Effect of P-glycoprotein-mediated efflux on cerebrospinal fluid concentrations in rhesus monkeys.
ABSTRACT Brain penetration of drugs which are subject to P-glycoprotein (Pgp)-mediated efflux is attenuated, as manifested by the fact that the cerebrospinal fluid concentration (C(CSF)), a good surrogate of the unbound brain concentration (C(ub)), is lower than the unbound plasma concentration (C(up)) for Pgp substrates. In rodents, the attenuation magnitude of brain penetration by Pgp-mediated efflux has been estimated by correlating the ratio of CSF to plasma exposures (C(CSF)/C(p)) with the unbound fraction in plasma (f(u)) upon the incorporation of the in vivo or in vitro Pgp-mediated efflux ratios (ERs). In the present work, we investigated the impact of Pgp-mediated efflux on C(CSF) in monkeys. Following intravenous administration to cisterna magna ported rhesus monkeys, the CSF and plasma concentrations were determined for 25 compounds from three discovery programs. We also evaluated their f(u) in rhesus plasma and ER in human and African green monkey MDR-transfected LLC-PK1 cells. These compounds varied significantly in the f(u) (0.025-0.73), and 24 out of 25 are considered Pgp substrates based on their appreciable directional transport (ER>2). The C(CSF)/C(p) was significantly lower than the corresponding f(u) (>or=3-fold) for 16 compounds regardless of a significant correlation (R(2)=0.59, p=4 x 10(-5)) when the C(CSF)/C(p) was plotted against the f(u). When the f(u) was normalized to the ER (f(u)/ER) the correlation was improved (R(2)=0.75, p=8 x 10(-8)). More importantly, only one compound showed the C(CSF)/C(p) that exceeded 3-fold of the normalized f(u). The results suggest that the impact of Pgp-mediated efflux in monkeys, similar to the case in rodents, is reasonably reflected by the gradient between the free concentrations in plasma and in CSF. Therefore, f(u) and Pgp ER may serve as useful measurements in estimating in vivo C(CSF)/C(p) ratios in monkeys, and potentially in humans.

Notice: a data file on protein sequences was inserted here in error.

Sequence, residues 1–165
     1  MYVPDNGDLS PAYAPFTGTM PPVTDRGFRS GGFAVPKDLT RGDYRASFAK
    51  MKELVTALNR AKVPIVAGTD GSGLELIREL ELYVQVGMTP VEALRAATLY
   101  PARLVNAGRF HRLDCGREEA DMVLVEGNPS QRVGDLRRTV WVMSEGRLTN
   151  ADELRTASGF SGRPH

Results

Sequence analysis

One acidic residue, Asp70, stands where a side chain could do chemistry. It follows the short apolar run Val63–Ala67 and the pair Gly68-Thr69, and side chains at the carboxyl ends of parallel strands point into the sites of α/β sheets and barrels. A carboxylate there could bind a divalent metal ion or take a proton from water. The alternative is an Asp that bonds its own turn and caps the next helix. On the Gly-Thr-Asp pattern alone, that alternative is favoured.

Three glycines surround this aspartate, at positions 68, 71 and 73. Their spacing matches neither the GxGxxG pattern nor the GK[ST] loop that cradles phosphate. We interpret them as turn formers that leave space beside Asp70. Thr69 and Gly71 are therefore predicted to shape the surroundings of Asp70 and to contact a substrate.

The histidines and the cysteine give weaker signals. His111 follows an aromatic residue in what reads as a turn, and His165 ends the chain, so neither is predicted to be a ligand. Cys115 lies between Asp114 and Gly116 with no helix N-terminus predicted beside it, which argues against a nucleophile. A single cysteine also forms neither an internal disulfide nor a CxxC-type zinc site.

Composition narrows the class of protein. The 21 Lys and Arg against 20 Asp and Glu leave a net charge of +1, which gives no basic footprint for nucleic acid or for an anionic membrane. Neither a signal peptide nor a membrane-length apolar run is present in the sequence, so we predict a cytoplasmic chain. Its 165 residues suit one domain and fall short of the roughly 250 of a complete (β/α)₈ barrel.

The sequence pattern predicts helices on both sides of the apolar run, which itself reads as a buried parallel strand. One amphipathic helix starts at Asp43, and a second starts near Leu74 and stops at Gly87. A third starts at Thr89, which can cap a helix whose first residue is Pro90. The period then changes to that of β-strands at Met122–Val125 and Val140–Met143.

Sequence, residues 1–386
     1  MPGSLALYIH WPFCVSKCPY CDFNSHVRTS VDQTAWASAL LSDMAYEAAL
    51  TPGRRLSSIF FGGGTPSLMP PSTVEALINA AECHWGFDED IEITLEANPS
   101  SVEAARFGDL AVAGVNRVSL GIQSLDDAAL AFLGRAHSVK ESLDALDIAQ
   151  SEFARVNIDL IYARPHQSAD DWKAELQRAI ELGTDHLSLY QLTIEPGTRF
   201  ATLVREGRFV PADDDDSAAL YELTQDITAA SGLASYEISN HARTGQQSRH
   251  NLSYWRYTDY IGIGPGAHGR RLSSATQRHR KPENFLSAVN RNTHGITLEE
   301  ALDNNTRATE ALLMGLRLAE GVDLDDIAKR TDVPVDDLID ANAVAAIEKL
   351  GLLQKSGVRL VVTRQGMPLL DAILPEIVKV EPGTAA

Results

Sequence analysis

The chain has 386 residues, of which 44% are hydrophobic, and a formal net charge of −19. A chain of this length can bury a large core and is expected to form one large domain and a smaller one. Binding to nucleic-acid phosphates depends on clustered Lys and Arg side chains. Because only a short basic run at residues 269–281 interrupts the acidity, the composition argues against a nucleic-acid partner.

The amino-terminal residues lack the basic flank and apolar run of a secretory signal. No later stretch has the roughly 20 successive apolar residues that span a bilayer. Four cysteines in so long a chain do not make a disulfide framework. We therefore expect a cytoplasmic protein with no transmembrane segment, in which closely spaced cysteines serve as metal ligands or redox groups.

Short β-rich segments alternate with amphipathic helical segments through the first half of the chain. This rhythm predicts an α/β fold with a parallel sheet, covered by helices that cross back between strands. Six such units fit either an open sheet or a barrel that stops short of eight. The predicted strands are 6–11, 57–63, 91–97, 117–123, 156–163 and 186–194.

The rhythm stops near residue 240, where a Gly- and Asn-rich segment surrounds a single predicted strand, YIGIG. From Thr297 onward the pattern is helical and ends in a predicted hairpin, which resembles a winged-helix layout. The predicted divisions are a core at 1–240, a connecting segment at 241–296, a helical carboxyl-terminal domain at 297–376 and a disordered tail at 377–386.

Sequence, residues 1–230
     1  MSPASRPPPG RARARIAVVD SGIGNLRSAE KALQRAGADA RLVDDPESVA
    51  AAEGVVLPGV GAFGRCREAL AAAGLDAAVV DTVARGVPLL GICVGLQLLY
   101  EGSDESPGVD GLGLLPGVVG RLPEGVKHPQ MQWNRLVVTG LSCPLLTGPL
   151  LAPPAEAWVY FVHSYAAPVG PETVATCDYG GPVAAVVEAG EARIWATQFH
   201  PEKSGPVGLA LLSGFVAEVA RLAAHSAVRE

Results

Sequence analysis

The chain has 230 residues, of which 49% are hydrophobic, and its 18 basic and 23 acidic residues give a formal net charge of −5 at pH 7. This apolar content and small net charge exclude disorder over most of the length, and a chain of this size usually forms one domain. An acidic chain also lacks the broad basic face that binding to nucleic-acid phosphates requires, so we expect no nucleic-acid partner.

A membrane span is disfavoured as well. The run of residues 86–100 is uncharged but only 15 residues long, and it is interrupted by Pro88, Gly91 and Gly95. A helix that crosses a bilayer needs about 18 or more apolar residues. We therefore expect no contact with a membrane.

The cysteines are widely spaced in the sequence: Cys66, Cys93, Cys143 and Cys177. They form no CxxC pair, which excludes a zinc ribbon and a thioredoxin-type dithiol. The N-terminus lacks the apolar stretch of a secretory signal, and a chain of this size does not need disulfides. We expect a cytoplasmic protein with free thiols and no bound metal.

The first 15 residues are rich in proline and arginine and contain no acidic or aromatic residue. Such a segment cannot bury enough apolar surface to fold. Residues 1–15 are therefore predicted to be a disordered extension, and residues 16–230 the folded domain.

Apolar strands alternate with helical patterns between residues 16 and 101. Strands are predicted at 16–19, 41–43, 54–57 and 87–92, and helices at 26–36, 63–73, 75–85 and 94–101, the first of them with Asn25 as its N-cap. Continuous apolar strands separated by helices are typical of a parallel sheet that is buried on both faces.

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ABSTRACT: Nonhuman primate species have been selectively used in the scientific investigation of adult and newborn neurological diseases. The rhesus monkey has been utilized in models of term asphyxial insults, accurately reflecting the mechanisms and neuropathology demonstrated in the newborn human infant. More recently, a premature baboon model developed for evaluation of bronchopulmonary dysplasia has been applied to the investigation of cerebral development and injury, revealing high similarity in neuropathology to the premature human infant. Given the differences in the outcomes of neuroprotective therapies between lower order species, such as the rat, and human trials in disorders such as stroke, nonhuman primate models may provide an invaluable resource for safety and efficacy testing before trials in human newborns. This article summarizes both models of brain injury. The histologic findings from the models are compared with neuropathological studies in human infants.Seminars in Perinatology 01/2005; 28(6):396-404. · 2.81 Impact Factor
- 5th 01/1999: pages xiii, 650 p.; Mosby., ISBN: 0323013201 (pbk.)
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ABSTRACT: 1. The use of a beneficial interaction between indinavir and compound A, a potent investigational HIV protease inhibitor to enhance systemic exposure of compound A, was investigated. 2. When administrated alone, compound A underwent extensive hepatic first-pass metabolism in rats and monkeys, resulting in low oral bioavailability. 3. In vitro studies with liver microsomes revealed that compound A metabolism was mediated exclusively by CYP3A enzymes in rats, dogs and monkeys. Indinavir, which also was metabolized predominantly by CYP3A enzymes, extensively inhibited compound A metabolism in microsomes, whereas compound A showed weak inhibitory potency on indinavir metabolism. 4. Consistent with in vitro observations, co-administration of the two compounds resulted in a 17-fold increase in oral AUC of compound A in rats owing to the inhibition of metabolism of compound A by indinavir, whereas compound A did not affect indinavir metabolism as indicated by the unchanged indinavir AUC. Similarly, the systemic exposure of compound A in dogs and monkeys was increased substantially following oral co-administration with indinavir by 7- and > 50-fold, respectively. 5. Enhancement in compound A systemic exposure by indinavir in humans, as predicted based on the in vivo animal and in vitro human liver microsomal data, was confirmed in subsequent clinical studies.Xenobiotica 07/2003; 33(6):643-54. · 1.98 Impact Factor